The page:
Google Keyboard versus SwiftKey

One of my favorite, must have apps is Swiftkey.

SwiftKey is the great keyboard app for Android that offers excellent predictive text and voice input. SwiftKey’s had a lot of improvements over its short lifespan.

Now though, Google’s entering the competition.

Today, Google released its own keyboard app called Google Keyboard (free). Google Keyboard is the Android 4.2 version, which is now available for all users.

Both keyboards are similar, with a few key UI differences.

First, I prefer the SwiftKey layout over Google’s, especially when it comes to accessing numbers and special symbols. Unfortunately, Google Keyboard doesn’t place the common characters on the QWERTY keys like SwiftKey. I really miss that.

Google Keyboard Layout

Yes, I know, they’re tucked down in the lower right hand corner above the period, but that’s a lot of work to get the @ symbol. Why doesn’t Google think symbols and numbers are that important?

Both apps feature swipe, which allows you to draw your words on the keyboard.

Google Keyboard Swipe

I’m not a big fan of swipe on either app, since my fingers tend to miss the letters and the swipe predictions aren’t that great. I’m sure with a lot of practice I’d improve my efficiency.

Overall, I still like SwiftKey over Google Keyboard only because of the numbers and symbols layout. For the price, free, Google Keyboard will probably sway a lot of users. If you’re a long-time SwiftKey users, you’ll probably continue to use the SwiftKey app.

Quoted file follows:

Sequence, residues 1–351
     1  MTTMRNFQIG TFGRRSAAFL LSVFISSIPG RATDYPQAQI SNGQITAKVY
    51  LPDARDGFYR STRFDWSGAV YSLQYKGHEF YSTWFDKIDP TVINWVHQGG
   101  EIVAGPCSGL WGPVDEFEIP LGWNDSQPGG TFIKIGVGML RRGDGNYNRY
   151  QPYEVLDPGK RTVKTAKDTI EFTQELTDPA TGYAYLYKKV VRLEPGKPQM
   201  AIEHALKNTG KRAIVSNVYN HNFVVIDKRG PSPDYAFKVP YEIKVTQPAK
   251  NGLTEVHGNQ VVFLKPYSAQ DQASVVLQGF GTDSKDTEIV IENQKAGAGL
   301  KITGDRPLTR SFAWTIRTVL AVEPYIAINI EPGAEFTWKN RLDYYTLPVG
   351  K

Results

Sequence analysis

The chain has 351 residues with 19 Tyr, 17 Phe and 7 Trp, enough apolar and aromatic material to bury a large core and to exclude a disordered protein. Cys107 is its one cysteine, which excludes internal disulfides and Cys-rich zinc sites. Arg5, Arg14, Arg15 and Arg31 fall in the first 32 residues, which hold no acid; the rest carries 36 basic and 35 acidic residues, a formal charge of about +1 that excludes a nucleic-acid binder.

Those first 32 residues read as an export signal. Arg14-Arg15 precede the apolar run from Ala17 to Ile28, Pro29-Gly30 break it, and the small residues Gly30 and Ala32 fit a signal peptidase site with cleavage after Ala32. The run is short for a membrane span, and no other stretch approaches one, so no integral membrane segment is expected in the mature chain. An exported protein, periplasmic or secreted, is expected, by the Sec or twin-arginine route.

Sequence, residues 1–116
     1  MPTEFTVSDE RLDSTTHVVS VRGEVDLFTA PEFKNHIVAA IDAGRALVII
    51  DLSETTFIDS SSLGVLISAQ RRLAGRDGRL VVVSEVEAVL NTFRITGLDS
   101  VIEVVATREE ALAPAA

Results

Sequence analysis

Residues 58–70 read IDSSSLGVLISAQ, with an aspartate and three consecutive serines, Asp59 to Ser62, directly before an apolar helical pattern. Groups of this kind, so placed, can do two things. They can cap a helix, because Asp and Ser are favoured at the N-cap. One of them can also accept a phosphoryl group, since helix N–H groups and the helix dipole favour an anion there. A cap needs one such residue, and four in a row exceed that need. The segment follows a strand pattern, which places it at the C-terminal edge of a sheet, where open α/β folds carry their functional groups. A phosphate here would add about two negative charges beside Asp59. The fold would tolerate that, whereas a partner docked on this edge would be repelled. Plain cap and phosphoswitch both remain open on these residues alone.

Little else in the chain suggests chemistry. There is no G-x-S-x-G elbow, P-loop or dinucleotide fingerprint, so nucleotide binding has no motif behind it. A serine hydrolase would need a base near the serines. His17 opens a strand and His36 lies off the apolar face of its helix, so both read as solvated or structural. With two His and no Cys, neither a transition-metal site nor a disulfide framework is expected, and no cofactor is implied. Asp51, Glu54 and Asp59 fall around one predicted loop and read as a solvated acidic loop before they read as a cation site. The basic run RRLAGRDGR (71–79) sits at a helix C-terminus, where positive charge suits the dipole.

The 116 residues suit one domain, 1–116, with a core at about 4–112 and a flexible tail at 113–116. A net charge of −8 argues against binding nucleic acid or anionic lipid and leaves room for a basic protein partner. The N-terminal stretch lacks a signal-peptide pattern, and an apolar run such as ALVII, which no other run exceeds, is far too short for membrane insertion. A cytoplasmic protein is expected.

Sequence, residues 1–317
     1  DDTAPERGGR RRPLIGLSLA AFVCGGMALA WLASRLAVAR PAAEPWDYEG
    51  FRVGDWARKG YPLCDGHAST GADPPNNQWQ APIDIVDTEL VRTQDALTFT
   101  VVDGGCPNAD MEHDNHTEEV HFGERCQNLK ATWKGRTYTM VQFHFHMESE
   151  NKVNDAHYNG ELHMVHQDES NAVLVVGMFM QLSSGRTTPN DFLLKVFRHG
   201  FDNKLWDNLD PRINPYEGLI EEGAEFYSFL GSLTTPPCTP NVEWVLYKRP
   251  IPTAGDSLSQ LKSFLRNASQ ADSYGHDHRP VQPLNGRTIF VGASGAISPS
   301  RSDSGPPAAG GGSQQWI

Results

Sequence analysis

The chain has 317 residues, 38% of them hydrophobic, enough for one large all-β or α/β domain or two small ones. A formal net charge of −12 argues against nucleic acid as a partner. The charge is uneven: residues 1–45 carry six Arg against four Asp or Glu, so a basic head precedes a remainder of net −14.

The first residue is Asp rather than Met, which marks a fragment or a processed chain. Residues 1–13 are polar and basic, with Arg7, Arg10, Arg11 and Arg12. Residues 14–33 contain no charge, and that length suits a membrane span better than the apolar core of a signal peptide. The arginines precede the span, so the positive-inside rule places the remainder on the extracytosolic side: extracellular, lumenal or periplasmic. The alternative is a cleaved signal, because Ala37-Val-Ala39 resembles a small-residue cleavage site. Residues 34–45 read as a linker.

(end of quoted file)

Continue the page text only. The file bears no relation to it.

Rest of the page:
I give Google Keyboard 4 of 5 stars.

13 Responses to Google Keyboard versus SwiftKey

  1. Surprisingly,Google Keyboard is not universally compatible with all Android devices. I discovered this when attempting to load it on my Huawei U8650-1. Although this is not the first time I have come across an app that was not compatible with my device, I am somewhat surprised that a Google app is not usable universally, across the Android spectrum. Maybe I’m naïve, but I would assume, given the ubiquity of Google in this arena, that they would make sure that their apps are usable across the board.

  2. One glaring inadequacy of Swiftkey is the ability to directly edit the dictionary. As such, as reported elsewhere in the Android RSS world today, you CAN directly edit the Google dictionary, and thereby create the sort of “shortcuts” we used to do all the time in Palm OS (and apparently already on iphones). I’ve been a longtime Swiftkey user but I’m taking a look at this keyboard now to see whether adding back in my old shortcuts saves more time than Swiftkey’s methodology.

  3. I really like google keyboard. I have used SwiftKey for years, this one doesn’t have skins but is fast, accurate and sleek. Very good keyboard.

    • Jim, thanks. I tend to agree. I didn’t start by liking the app, but I’m moving closer to it. I’m still not liking that Google Keyboard doesn’t display symbols using a long-press on the keyboard.

      • If you hold the period button down (on Google keyboard) it gives you some of the more common symbols. (I found this by accident)

        • Yes. The difference is that SWiftKey has the common symbols interspaced through all of the keys. If you want @, you’d press “S”, and so forth. I hate having to multi-click to get those common symbols.

  4. I’m actually really loving Google Keyboard’s swipe. I think I use swipe to text for about 75% of my compositions. I find that recognition is slightly better, and I love the flow, which seems more smooth.

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Jeff Taylor

I’m just an ordinary guy living an extraordinary life. I’m also an attorney and I blog about Android for lawyers. You can follow me on Twitter, LinkedIn, YouTube, or Google+.